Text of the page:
Very often how the employee is treated in an enterprise determines whether he or she sticks on or leaves. As a rule of thumb, an authoritative leadership style is a sure-fire way to doom for the enterprise, and a servant leadership style, where the focus is to serve the employee, by facilitating them to do their thing, works wonders.
Having said this, a charismatic leader, who can lead from the front and motivate employees by dint of authority can also work wonders, no matter the leadership style. A good case in point is Steve Jobs, who would yell and publicly shame his teammates when dissatisfied with their work, and yet made Macintosh engineers believe they could achieve the impossible.
Keep Employees Motivated
The most effective retention trick is to facilitate the employee harness their creativity in tasks that matter to them. Abraham Maslow’s time-tested need-hierarchy theory lists out five levels of needs or motivation that satisfied an employee, starting from the basic psychological and safety needs, a moving on progressively to need for affiliation, esteem, and self-actualization. Most developers, by dint of being “knowledge workers”, have already accomplished their basic needs, and look primarily at higher level needs such as esteem and self-actualisation.
The onus is on the enterprise, especially HR to craft retention strategies, keeping in mind what exactly motivates an employee, and would prompt them to stay. Challenging work assignments, rewarding projects that would enable them to gain the esteem of their co-workers and peers, a sense of satisfaction on having accomplished a project that is really useful, and more are some ways to retain the employee’s interest to stay.
Pamper the employee
Motivating the employee into staying is of no use unless the basic systems are in place. Developers being highly skilled “knowledge workers.” The onus is on the enterprise to facilitate a congenial working atmosphere to do their thing.
Facilitating the employee means pampering to their needs, and a flex-and-fun time, combined with work-from-home options lead the list of facilities sought after by most developers. About 64% of developers already work remotely at least one day each month, and 11% of developers work remotely on a full-time basis, as of now. Nevertheless, much more is required to keep developers happy, and facilitate their creativity. While 57% of developers valued the ability to work from home on vacation days most, 53% of employees valued vacation days, 47% of employees valued health benefits, 40% of employees valued work hours, and 40% of employees valued the equipment they use.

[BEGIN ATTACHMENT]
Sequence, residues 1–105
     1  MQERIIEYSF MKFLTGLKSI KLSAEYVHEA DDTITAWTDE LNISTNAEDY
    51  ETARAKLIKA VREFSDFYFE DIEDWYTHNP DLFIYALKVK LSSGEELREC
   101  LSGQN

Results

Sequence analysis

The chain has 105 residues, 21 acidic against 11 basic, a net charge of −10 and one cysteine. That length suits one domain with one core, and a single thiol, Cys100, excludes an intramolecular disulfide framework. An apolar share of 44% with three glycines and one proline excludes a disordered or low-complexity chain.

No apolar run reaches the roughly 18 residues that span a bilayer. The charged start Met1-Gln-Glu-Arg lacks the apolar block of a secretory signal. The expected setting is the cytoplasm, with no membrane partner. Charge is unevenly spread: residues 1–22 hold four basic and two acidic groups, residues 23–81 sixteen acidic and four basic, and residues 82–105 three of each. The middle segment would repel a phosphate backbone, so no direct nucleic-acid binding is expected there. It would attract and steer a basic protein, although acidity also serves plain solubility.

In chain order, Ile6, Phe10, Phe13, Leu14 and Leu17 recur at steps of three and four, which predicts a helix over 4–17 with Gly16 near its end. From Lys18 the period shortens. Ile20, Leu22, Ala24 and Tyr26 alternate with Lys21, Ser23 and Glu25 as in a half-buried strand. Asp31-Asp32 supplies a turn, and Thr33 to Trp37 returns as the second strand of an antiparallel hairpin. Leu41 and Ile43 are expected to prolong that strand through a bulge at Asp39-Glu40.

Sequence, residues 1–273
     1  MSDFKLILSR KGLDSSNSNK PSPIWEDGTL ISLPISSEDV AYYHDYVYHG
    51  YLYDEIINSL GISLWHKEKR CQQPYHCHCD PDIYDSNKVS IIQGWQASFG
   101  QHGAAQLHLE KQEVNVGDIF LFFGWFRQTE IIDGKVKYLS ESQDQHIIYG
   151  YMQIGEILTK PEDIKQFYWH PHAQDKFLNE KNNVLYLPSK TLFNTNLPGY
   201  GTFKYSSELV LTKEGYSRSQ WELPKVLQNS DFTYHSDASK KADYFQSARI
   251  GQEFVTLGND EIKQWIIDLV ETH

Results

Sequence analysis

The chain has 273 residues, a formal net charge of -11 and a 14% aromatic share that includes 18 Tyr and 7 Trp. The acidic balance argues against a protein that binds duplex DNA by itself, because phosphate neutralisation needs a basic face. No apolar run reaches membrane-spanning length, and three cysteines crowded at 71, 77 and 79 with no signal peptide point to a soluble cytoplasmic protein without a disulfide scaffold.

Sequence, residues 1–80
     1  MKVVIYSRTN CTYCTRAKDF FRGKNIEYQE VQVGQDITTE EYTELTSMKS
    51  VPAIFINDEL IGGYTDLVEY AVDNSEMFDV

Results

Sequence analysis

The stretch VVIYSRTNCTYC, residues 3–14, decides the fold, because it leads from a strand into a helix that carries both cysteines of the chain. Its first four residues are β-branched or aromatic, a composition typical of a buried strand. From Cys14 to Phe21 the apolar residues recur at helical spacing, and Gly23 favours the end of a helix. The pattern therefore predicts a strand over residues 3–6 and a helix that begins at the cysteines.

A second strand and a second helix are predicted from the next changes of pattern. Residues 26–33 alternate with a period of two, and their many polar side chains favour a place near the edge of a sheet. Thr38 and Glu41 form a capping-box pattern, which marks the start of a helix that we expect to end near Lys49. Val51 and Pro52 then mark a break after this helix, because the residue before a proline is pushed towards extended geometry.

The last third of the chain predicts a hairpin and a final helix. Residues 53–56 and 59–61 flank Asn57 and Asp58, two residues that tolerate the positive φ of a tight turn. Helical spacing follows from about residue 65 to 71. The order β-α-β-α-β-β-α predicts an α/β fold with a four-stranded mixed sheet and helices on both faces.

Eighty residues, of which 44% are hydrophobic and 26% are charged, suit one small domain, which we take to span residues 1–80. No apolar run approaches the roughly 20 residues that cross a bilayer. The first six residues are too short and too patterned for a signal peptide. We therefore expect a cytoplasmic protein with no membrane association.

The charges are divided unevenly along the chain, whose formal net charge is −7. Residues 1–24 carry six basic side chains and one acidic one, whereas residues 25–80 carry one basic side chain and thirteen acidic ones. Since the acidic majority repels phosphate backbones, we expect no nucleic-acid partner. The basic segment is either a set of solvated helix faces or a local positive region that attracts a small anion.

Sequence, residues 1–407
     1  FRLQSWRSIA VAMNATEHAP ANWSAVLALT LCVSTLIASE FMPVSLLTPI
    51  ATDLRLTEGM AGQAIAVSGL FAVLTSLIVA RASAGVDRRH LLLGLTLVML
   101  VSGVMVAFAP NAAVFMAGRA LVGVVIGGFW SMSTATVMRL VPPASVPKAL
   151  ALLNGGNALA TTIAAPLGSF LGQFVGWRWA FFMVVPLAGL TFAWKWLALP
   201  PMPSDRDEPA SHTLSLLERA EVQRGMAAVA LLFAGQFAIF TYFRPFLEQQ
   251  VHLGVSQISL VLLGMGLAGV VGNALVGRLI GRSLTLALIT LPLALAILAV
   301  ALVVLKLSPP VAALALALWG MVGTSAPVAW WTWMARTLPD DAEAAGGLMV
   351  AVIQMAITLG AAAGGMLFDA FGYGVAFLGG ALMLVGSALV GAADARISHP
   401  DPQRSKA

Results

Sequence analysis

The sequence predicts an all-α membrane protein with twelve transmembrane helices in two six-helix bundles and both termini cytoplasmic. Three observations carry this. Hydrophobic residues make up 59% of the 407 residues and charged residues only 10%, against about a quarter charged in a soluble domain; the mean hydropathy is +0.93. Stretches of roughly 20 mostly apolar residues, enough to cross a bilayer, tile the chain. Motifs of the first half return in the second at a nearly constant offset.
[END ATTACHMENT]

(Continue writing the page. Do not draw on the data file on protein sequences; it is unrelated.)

Autonomy and Career path
At times, retention of talent may have more to do with a dysfunctional enterprise than any other factor. A rigid and hierarchical enterprise, with a culture of deferring to authority, and where information is kept on a tight light is hardly congenial for developers, who value creativity and openness. Most talents seek to leave enterprises where talent and merit are not valued, where promotions are a matter of tenure and not merit, and where there are no mentors to guide them.
Programmers value autonomy and empowerment. Empowering them to take crucial decisions regarding their projects, entrusting them to engage with clients directly, drawing deadlines through a collaborative process rather than imposing one from the top, are all steps that make employees feel valued, appeal to their self-esteem, and go a long way in retaining them for the enterprise.
Also, enterprises that fail to chalk out a clear career path for their top talent risk them leaving. Not all developers make competent managers, and many of them do not even seek a managerial position. The onus is on enterprises to ensure progress in roles and responsibilities that suit them. A technical path, parallel to a managerial or supervisory role, may work best for technocrats who may not find managing people their cup of tea.
Top programmers seek continuous value. They seek out highly challenging projects and seek to leave when they perceive the projects they work on are futile or destined to failure.
Getting and retaining top app developers is not easy. However, we offer an effective alternative. We already have a team of highly talented, resourceful, and experienced app developers, with a track record of having delivered several intuitive mobility and other projects, for customers cutting across industries. When you hire us, you are free of all your human resources related worries. Retaining the top talent, pampering them, and preventing others from poaching the best talent becomes our headache, leaving you free to focus on your business.